Activated protein C resistance increases pregnancy-related thrombosis risk
MedWire News: Activated protein C (aPC) resistance is associated with a history of pregnancy-related venous thrombosis, regardless of whether the women are carriers or noncarriers of the rs6025 polymorphism in the factor V gene (F5), researchers report.
The F5 rs6025 polymorphism (also known as factor V leiden) is the most common cause of aPC resistance, a condition that is known to increase the risk for venous thrombosis in the general population, explain Per Morten Sandset (University of Oslo, Norway) and colleagues.
Acquired aPC resistance in the absence of F5 rs6025 has been observed in pregnant women, but there is limited information on whether aPC resistance in the absence of F5 rs6025 is associated with venous thrombosis during pregnancy or postpartum, they add.
To address this, Sandset and team studied 313 women with a history of pregnancy-related deep vein thrombosis, pulmonary embolism, or venous thrombosis at unusual sites. A further 353 women with no such history acted as a control group.
The researchers used calibrated automated thrombography to determine sensitivity to aPC and the normalized aPC sensitivity ratio (n-aPC-sr) among the women, who were all between 3 and 16 years past the index pregnancy.
As reported in the British Journal of Haematology, the median n-aPC-sr was significantly higher among the cases, compared with the controls, at 0.53 versus 0.40.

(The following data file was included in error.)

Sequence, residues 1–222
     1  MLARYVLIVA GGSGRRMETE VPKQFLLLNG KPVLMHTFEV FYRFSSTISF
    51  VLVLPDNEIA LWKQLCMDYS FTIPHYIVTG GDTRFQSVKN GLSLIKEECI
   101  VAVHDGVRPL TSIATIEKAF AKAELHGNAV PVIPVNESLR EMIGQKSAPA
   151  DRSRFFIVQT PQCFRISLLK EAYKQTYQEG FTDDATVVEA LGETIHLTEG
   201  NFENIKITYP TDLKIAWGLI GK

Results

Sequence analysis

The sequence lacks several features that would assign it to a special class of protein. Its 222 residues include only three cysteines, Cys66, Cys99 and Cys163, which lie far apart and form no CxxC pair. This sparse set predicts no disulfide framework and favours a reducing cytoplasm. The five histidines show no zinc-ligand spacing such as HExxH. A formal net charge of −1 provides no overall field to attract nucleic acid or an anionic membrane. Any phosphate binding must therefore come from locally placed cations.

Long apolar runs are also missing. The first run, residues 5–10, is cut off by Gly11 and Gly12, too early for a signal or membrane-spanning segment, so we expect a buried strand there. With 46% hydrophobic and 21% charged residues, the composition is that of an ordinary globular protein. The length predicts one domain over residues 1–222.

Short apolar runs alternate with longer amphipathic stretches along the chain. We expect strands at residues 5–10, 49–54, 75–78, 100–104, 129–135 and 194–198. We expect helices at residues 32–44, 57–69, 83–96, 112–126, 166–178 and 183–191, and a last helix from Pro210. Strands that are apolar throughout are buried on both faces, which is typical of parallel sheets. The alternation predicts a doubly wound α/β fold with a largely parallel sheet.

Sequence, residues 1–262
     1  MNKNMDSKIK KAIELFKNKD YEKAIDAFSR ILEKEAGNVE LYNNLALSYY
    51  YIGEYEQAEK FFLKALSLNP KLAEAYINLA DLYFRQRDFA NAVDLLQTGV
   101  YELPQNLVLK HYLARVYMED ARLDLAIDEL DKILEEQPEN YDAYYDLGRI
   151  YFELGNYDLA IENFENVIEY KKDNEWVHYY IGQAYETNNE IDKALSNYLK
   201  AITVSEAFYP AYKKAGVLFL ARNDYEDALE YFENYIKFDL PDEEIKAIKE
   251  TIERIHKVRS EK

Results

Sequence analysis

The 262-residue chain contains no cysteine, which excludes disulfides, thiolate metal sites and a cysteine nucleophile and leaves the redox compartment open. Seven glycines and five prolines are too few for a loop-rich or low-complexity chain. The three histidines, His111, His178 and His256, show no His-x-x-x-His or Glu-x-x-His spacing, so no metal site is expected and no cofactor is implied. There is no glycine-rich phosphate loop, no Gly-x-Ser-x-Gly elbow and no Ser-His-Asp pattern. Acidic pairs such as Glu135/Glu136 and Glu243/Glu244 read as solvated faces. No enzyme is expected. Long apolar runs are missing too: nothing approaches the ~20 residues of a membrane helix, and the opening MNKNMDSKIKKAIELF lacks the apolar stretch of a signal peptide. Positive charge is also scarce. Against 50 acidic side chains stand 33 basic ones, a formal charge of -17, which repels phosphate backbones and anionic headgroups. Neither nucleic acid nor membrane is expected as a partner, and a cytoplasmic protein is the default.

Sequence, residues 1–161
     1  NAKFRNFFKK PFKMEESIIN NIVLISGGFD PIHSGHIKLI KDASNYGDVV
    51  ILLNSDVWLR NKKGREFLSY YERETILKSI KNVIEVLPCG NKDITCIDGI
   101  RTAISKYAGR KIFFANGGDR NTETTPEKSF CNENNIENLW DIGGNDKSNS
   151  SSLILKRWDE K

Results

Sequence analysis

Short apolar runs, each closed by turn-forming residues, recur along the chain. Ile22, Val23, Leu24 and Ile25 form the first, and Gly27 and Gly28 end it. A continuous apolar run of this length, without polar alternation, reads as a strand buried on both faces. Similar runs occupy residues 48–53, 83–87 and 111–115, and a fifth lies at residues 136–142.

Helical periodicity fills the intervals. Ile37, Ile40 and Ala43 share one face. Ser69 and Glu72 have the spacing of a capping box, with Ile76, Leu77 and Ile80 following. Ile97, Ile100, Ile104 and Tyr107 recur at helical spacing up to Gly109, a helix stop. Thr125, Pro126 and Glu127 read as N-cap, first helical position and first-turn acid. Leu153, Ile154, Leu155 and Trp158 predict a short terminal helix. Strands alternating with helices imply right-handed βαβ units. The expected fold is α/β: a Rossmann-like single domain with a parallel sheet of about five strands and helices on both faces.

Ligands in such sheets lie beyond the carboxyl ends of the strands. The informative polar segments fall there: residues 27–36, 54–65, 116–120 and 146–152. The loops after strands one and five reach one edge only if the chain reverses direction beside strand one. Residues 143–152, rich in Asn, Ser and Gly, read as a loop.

Among women who did not carry F5 rs6025, the risk for pregnancy-related venous thrombosis was a significant 2.4-fold higher for those in the highest quartile (>2.90) of n-aPC-sr compared with those in the lower quartiles.
Adjustment for free protein S and free tissue factor pathway inhibitor, which were inversely associated with n-aPC-sr in women without the polymorphism, did not alter the association.
In addition, women who did carry the F5 rs6025 polymorphism had an increasing risk for venous thrombosis with increasing n-aPC-sr, but the differences between the quartiles were not statistically significant.
"Our findings substantiate the importance of the aPC resistant phenotype as a risk factor for pregnancy-related venous thrombosis," conclude Sandset and co-authors.
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By Laura Dean